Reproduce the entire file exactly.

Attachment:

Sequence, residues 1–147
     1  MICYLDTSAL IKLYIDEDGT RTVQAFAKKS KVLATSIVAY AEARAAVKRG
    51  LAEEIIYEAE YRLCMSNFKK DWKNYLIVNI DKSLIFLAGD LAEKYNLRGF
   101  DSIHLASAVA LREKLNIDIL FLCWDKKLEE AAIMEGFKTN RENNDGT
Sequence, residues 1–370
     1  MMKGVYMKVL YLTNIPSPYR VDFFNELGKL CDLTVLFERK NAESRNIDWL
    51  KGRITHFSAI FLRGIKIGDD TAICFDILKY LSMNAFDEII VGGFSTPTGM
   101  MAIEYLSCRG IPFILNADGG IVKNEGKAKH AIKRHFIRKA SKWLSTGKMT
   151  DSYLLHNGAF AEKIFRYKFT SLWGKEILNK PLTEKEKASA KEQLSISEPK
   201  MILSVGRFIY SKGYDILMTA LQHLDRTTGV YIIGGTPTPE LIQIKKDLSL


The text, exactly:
Sequence, residues 1–147
     1  MICYLDTSAL IKLYIDEDGT RTVQAFAKKS KVLATSIVAY AEARAAVKRG
    51  LAEEIIYEAE YRLCMSNFKK DWKNYLIVNI DKSLIFLAGD LAEKYNLRGF
   101  DSIHLASAVA LREKLNIDIL FLCWDKKLEE AAIMEGFKTN RENNDGT
Sequence, residues 1–370
     1  MMKGVYMKVL YLTNIPSPYR VDFFNELGKL CDLTVLFERK NAESRNIDWL
    51  KGRITHFSAI FLRGIKIGDD TAICFDILKY LSMNAFDEII VGGFSTPTGM
   101  MAIEYLSCRG IPFILNADGG IVKNEGKAKH AIKRHFIRKA SKWLSTGKMT
   151  DSYLLHNGAF AEKIFRYKFT SLWGKEILNK PLTEKEKASA KEQLSISEPK
   201  MILSVGRFIY SKGYDILMTA LQHLDRTTGV YIIGGTPTPE LIQIKKDLSL